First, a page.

BOSTON – Riding a late-moving surge that stretched from the South, East Coast and into the Midwest, Joe Biden upended the race for the Democratic presidential nomination in one night and supplanted Bernie Sanders as the front-runner.
Defying polls that showed him trailing less than a week ago, the former vice president dominated Super Tuesday and racked up wins in 10 of 14 states, building a lead in delegates over Vermont’s independent senator, who had seemed poised to build an insurmountable lead himself.
The turnaround suddenly puts Sanders on his heels. To make up his deficit, he needs to win states by wide margins to limit the delegates Biden could accumulate in those same states.
And the map works against him.
Biden could be favored in three of the four largest states that vote Tuesday: Missouri (68 delegates), where a poll in January showed him leading by 25 percentage points; Mississippi (36 delegates), which has a large African American population and where Hillary Clinton clobbered Sanders 82%-17% in 2016; and Michigan (125 delegates), which Sanders narrowly won in 2016, but a poll this week showed Biden 6 percentage points ahead even before his Super Tuesday resurgence.
There are spots of hope for Sanders, an anti-establishment democratic socialist who campaigns on a political revolution.
Sanders, who outperformed Biden in the West, leads polls in Washington (89 delegates), which votes the same night. He could fare well in North Dakota and Idaho, but those states have just a combined 34 delegates.
“He’ll keep going on, but last night was pretty decisive in terms of reaction to Bernie Sanders as the potential nominee,” said Joe Trippi, a longtime Democratic campaign operative. “I’m not sure how or where Bernie can turn it from here. That does not mean that he won’t try and that it won’t be a long, hard fight. But in the end, I don’t see where the window turns for him.”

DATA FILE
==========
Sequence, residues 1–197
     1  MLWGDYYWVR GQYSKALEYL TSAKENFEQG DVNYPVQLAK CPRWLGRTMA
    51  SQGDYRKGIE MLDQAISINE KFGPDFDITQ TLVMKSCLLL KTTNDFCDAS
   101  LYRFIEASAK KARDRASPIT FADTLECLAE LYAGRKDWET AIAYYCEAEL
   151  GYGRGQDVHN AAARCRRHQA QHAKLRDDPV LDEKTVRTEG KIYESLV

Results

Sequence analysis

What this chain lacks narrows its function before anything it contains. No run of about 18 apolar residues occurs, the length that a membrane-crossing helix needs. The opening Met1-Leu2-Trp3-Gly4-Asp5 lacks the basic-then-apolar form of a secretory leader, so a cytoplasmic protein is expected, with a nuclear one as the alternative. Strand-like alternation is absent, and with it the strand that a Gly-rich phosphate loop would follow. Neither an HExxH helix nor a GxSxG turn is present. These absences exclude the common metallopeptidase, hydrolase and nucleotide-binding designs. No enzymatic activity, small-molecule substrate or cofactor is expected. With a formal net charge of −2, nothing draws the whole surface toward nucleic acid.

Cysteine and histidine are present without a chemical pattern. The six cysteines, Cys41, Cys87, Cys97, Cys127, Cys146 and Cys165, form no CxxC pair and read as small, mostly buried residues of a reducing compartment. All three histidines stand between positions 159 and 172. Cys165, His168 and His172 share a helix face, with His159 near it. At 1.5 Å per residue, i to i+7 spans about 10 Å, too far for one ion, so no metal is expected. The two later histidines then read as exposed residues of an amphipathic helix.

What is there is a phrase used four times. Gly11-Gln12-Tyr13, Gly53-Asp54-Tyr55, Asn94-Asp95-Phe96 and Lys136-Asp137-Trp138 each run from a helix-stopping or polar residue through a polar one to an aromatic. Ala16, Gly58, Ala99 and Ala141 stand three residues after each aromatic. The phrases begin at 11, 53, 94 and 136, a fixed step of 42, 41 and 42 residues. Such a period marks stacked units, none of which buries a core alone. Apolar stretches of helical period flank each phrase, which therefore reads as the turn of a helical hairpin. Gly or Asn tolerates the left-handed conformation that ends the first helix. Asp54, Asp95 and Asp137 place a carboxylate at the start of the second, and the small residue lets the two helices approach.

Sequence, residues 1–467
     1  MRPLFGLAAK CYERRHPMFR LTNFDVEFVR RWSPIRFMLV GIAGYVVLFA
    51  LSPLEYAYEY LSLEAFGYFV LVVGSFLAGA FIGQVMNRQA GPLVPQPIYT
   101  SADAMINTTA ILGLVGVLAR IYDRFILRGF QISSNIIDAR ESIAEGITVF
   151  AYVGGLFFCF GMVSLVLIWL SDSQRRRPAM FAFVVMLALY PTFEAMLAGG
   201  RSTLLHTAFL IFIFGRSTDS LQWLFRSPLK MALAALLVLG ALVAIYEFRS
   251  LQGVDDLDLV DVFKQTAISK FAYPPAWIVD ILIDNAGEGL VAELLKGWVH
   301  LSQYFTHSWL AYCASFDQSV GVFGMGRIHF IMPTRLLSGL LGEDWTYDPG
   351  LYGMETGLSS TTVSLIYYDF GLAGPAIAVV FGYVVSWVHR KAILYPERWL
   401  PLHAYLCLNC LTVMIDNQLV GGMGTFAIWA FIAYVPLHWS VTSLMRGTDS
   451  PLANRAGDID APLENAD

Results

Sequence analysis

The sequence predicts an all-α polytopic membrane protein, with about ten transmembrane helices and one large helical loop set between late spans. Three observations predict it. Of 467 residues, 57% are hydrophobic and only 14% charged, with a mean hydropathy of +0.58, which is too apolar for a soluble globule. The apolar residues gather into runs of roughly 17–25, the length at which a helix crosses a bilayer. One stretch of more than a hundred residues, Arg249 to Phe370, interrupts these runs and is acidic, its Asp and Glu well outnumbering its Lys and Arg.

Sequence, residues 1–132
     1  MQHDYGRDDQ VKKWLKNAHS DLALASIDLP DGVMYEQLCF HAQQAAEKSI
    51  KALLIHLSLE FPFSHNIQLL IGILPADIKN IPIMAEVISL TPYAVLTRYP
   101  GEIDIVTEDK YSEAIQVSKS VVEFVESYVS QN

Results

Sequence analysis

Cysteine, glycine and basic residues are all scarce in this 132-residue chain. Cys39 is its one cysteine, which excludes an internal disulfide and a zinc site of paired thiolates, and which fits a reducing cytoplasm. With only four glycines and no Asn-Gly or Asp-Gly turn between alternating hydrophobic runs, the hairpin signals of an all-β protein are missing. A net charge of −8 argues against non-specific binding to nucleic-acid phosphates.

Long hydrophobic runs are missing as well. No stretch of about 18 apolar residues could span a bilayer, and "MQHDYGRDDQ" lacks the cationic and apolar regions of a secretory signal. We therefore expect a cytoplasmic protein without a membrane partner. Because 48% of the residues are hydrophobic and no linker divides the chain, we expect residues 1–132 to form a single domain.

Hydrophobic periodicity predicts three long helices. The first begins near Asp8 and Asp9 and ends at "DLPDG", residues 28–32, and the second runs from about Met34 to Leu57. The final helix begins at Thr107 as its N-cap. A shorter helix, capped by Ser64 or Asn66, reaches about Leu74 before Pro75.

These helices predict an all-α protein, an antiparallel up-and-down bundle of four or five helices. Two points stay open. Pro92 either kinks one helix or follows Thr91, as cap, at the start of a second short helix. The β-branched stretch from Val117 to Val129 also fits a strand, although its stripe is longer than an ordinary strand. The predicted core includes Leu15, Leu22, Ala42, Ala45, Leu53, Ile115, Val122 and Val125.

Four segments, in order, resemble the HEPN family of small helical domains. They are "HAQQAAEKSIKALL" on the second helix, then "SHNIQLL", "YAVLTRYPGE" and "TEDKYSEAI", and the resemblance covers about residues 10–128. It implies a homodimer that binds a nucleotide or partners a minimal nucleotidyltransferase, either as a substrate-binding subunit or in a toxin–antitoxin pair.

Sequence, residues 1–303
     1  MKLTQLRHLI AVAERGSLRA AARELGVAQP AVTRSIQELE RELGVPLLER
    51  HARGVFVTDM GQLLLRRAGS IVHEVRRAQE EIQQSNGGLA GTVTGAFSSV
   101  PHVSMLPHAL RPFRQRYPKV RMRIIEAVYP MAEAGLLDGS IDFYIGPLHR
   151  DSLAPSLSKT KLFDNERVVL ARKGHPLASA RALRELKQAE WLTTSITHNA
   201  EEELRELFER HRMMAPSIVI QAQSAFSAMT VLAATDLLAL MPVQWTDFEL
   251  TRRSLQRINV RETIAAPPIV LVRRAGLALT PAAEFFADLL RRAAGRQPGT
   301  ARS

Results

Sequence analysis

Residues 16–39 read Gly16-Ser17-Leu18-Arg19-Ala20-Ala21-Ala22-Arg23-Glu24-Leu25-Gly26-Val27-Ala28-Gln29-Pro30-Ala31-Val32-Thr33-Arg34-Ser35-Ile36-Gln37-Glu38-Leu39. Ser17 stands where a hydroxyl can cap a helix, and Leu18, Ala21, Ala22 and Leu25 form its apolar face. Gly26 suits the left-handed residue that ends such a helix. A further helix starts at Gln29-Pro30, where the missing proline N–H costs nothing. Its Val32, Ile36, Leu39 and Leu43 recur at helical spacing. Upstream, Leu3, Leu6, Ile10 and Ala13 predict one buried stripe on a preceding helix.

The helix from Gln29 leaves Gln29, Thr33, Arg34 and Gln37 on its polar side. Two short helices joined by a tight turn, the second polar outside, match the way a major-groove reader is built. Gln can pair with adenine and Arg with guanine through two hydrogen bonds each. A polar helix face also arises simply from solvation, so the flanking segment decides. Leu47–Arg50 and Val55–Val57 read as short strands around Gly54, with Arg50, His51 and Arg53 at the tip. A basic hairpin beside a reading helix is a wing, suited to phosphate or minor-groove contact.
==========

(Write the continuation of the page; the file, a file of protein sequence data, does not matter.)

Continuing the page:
The race arguably gets even tougher for Sanders on March 17 in primaries in three large states, each with hundreds of delegates at stake: Florida, 219 delegates; Illinois, 155; Ohio, 136; and Arizona, 67.
Biden holds double-digit polling leads in Florida, where Sanders lost by more than 30 percentage points to Clinton in 2016 and where his comments about Fidel Castro complicated his outlook. The other leading candidate in Florida, former New York Mayor Mike Bloomberg, dropped out of the presidential race Wednesday and put his support behind Biden.
A poll last month had Biden trailing Sanders by 8 percentage points in Illinois. It was taken at the peak of Sanders’ national lead after Biden’s early stumbles. Illinois and Ohio have sizable African American voting populations, and black voters have overwhelmingly supported Biden in earlier races. Biden led in Arizona in polls taken last fall, but the race has changed considerably, and Sanders could get a boost from Latino voters, who have backed him heartily in other states.
Michigan could be Sanders’ best shot to climb back
Sanders’ next campaign stops include rallies in Phoenix on Thursday, Detroit and Grand Rapids, Michigan, on Friday and Saturday, and Rockford, Illinois, next Tuesday.
Michigan presents Sanders’ best shot to change the trajectory of the race, according to Matt Grossman, a political scientist at Michigan State University, given the senator’s 50%-48% victory over Clinton there four years ago and the demographics of the state.
“He’s going to be expected to have a good showing,” Grossman said. “And I think because he won last time and this is a general election swing state that it will be the main story, and the expectation is Sanders needs to win.”
Grossman said two factors could hurt Sanders’ chances – the lack of a competitive Republican primary that attracted some potential Clinton voters in 2016, and evidence that suggests Sanders is doing worse among white working-class voters than in 2016 but better among Latino voters. He called that a “bad trade in Michigan.”
“If the election were held today, (Biden’s) certainly the favorite (in Michigan),” Grossman said. “However, seven days, as we just learned this last week, is a long time. So there is still an opportunity for Sanders to shift the narrative.”